Article  Google Scholar 

  29. 29.

    Gallagher-Thompson D, Tazeau YN, Basilio L, et al: The relationship of dimensions of acculturation to self-reported depression in older, Mexican-American women. Journal of Clinical Gerophychology. 1997, 3(2): 123-

    Google Scholar 

  30. 30.

    Roberts RE, Chen YW: Depressive symptoms and suicidal ideation among Mexican-origin and Anglo adolescents. J Am Acad Child Adolesc Psychiatry. 1995, 34(1): 81-90. 10.1097/00004583-199501000-00019.

    Article  Google Scholar 

  31. 31.

    Takeuchi K, Roberts RE, Suzuki S: Depressive symptoms among Japanese and American adolescents. Psychiatry Res. 1994, 53(3): 259-74. 10.1016/0165-1781(94)90054-X.

    Article  Google Scholar 

  32. 32.

    Callahan CM, Wolinsky FD: The effect of gender and race on the measurement properties of the CES-D in older adults. Medical Care. 1994, 32(4): 341-

    Article  Google Scholar 

  33. 33.

    Clark VA, Aneshensel CS, Frerichs RR, Morgan TM: Analysis of effects of sex and age in response to items on the CES-D scale. Psychiatry Research. 1981, 5(2): 171-10.1016/0165-1781(81)90047-0.

    Article  Google Scholar 

  34. 34.

    Dick RW, Beals J, Keane EM, Manson SM: Factorial structure of the CES-D among American Indian adolescents. Journal of Adolescence. 1994, 17: 73-79. 10.1006/jado.1994.1007.

    Article  Google Scholar 

  35. 35.

    Manson SM, Ackerson LM, Dick RW, Baron AE, Fleming CM: Depressive symptoms among American Indian adolescents: Psychometric characteristics of the Center for Epidemiologic Studies Depression Scale (CES-D). Psychological Assessment. 1990, 2: 231-237. 10.1037//1040-3590.2.3.231.

    Article  Google Scholar 

  36. 36.

    Stommel M, Given BA, Given CW, Kalaian HA, Schulz R, McCorkle R: Gender bias in the measurement properties of the Center for Epidemiologic Studies Depression Scale (CES-D). Psychiatry Research. 1993, 49(3): 239-10.1016/0165-1781(93)90064-N.

    Article  Google Scholar 

  37. 37.

    Ying YW: Depressive symptomatology among Chinese-Americans as measured by the CES-D. Journal of Clinical Psychology. 1988, 44(5): 739-

    Article  Google Scholar 

  38. 38.

    Aneshensel CS, Clark VA, Frerichs RR: Race, ethnicity, and depression: A confirmatory analysis. Journal of Personality & Social Psychology. 1983, 44(2): 385-

    Article  Google Scholar 

  39. 39.

    Gatz M, Johansson B, Pedersen N, Berg S: A cross-national self-report measure of depressive symptomatology. International Psychogeriatrics. 1993, 5(2): 147-10.1017/S1041610293001486.

    Article  Google Scholar 

  40. 40.

    Roberts RE: Reliability of the CES-D scale in different ethnic contexts. Psychiatry Research. 1980, 2: 125-10.1016/0165-1781(80)90069-4.

    CAS  Article  PubMed  Google Scholar 

  41. 41.

    Roberts RE, Rhoades HM, Vernon SW: Using the CES-D scale to screen for depression and anxiety: Effects of language and ethnic status. Psychiatry Research. 1990, 31(1): 69-10.1016/0165-1781(90)90110-Q.

    Article  Google Scholar 

  42. 42.

    Blazer D, Burchett B, Service C, George LK: The association of age and depression among the elderly: an epidemiologic exploration. Journal of Gerontology. 1991, 46(6): M210-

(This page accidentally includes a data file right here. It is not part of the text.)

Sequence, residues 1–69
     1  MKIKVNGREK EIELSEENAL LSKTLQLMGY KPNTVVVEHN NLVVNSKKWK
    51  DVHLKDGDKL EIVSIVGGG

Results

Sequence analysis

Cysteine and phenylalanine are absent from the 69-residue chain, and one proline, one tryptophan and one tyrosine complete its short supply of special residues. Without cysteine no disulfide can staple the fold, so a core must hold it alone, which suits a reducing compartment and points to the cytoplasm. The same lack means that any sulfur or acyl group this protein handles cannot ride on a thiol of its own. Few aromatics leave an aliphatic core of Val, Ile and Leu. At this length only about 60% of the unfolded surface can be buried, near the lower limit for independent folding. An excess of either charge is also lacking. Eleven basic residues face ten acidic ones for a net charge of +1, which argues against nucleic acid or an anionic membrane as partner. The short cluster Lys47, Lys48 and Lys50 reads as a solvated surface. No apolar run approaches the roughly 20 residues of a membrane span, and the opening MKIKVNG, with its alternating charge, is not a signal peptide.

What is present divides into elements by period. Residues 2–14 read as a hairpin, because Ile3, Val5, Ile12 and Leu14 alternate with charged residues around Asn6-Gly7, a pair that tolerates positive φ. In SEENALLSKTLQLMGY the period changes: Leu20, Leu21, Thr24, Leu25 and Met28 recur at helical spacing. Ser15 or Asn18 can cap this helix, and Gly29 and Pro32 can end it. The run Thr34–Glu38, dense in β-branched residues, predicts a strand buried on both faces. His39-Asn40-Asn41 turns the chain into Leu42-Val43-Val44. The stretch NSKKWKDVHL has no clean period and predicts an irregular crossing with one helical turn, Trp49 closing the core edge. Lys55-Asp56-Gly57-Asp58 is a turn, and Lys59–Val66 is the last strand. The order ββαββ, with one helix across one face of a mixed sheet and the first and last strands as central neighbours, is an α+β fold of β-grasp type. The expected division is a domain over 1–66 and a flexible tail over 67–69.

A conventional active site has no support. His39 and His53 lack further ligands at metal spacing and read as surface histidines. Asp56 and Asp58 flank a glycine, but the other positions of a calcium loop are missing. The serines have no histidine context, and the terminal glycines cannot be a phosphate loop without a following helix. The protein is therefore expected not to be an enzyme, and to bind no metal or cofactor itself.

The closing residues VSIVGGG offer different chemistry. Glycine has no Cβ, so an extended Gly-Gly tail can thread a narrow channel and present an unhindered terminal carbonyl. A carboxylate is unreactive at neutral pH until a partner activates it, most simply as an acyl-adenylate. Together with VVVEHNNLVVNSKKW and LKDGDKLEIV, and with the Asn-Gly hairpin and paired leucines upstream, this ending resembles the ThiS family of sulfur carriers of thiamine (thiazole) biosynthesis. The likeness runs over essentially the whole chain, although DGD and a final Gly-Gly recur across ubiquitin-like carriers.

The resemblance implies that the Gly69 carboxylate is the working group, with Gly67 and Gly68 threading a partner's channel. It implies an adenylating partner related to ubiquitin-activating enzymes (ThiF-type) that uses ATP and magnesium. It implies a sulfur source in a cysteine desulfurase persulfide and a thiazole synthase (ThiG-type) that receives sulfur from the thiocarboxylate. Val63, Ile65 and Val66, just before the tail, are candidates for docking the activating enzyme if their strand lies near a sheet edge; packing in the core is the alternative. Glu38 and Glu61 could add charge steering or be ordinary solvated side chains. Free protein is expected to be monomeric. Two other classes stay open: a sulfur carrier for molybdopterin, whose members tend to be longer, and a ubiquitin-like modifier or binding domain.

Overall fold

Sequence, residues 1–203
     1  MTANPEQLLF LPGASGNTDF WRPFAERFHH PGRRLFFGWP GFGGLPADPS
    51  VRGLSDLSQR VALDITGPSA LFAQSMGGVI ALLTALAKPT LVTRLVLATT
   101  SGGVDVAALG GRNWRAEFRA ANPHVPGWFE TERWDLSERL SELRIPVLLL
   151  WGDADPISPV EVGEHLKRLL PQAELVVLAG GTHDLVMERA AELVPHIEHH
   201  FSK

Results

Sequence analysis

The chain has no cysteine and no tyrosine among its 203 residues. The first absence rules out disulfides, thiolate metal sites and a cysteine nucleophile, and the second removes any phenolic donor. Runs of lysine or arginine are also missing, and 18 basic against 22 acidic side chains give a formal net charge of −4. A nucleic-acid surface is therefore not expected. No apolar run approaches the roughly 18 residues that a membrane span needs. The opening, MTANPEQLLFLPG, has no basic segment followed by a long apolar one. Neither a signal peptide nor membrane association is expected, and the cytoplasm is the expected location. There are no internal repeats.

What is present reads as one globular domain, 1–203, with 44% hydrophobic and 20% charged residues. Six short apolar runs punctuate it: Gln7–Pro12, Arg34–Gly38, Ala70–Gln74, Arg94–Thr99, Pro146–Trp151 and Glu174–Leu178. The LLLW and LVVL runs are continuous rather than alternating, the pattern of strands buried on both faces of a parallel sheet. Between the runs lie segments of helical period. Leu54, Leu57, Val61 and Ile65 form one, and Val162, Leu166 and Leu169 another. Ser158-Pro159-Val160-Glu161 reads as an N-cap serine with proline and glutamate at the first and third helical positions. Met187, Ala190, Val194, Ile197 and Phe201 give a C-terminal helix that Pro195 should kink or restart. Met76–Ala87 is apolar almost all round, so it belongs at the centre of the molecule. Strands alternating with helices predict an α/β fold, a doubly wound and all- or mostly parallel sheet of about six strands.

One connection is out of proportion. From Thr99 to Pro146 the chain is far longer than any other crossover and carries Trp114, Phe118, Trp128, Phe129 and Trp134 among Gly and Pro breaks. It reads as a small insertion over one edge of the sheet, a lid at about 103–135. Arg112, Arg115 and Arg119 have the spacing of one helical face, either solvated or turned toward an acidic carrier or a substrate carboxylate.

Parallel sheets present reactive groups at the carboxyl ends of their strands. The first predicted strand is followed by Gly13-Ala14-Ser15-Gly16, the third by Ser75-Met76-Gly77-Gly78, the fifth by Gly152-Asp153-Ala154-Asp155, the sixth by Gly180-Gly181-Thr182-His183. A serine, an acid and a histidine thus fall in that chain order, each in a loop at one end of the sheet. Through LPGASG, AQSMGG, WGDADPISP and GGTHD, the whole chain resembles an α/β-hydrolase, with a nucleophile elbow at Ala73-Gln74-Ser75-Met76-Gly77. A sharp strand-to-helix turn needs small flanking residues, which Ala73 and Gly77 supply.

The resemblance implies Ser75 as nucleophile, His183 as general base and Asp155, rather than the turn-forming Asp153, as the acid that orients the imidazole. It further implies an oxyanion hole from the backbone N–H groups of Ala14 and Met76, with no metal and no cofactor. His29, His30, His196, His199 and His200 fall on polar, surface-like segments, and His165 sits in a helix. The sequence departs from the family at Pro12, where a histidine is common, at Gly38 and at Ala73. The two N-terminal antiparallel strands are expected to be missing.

Article  Google Scholar 

  43. 43.

    Callahan CM, Hui SL, Nienaber NS, Musick BS, Tierney WM: Longitudinal study of depression and health services use among elderly primary care patients. Journal of the American Geriatrics Society. 1994, 42(8): 833-

    Article  Google Scholar 

  44. 44.

    Davidson H, Feldman PH, Crawford S: Measuring depressive symptoms in the frail elderly. Journal of Gerontology. 1994, 49(4): 159-

    Article  Google Scholar 

  45. 45.

    Hendrie HC, Callahan CM, Levett EE, Hui SL: Prevalence rates of major depressive disorders: The effects of varying the diagnostic criteria in an older primary care population. American Journal of Geriatric Psychiatry. 1995, 3(2): 119-

    Article  Google Scholar 

  46. 46.

    Hertzog C, Van Alstine J, Usala PD, Hultsch DF, Dixon R: Measurement properties of the Center for Epidemiological Studies Depression Scale (CES-D) in older populations. Psychological Assessment. 1990, 2(1): 64-

    Article  Google Scholar 

  47. 47.

    Himmelfarb S, Murrell SA: Reliability and validity of five mental health scales in older persons. Journal of Gerontology. 1983, 38(3): 333-

    Article  Google Scholar 

  48. 48.

    Kessler RC, Foster C, Webster PS, House JS: The relationship between age and depressive symptoms in two national surveys. Psychology and Aging. 1992, 7(1): 119-

    Article  Google Scholar 

  49. 49.

    Lewinsohn PM, Seeley JR, Roberts RE, Allen NB: Center for Epidemiologic Studies Depression Scale (CES-D) as a screening instrument for depression among community-residing older adults. Psychology & Aging. 1997, 12(2): 277-

    Article  Google Scholar 

  50. 50.

    Radloff LS, Teri L: Use of the Center for Epidemiological Studies-Depression Scale with older adults. Clinical Gerontologist. 1986, 5 (1-2): 119-

    Article  Google Scholar 

  51. 51.

    Beekman AT, Deeg DJ, Van Limbeek J, Braam AW, De Vries MZ, Van Tilburg W: Criterion validity of the Center for Epidemiologic Studies Depression scale (CES-D): results from a community-based sample of older subjects in The Netherlands. Psychol Med. 1997, 27(1): 231-235. 10.1017/S0033291796003510.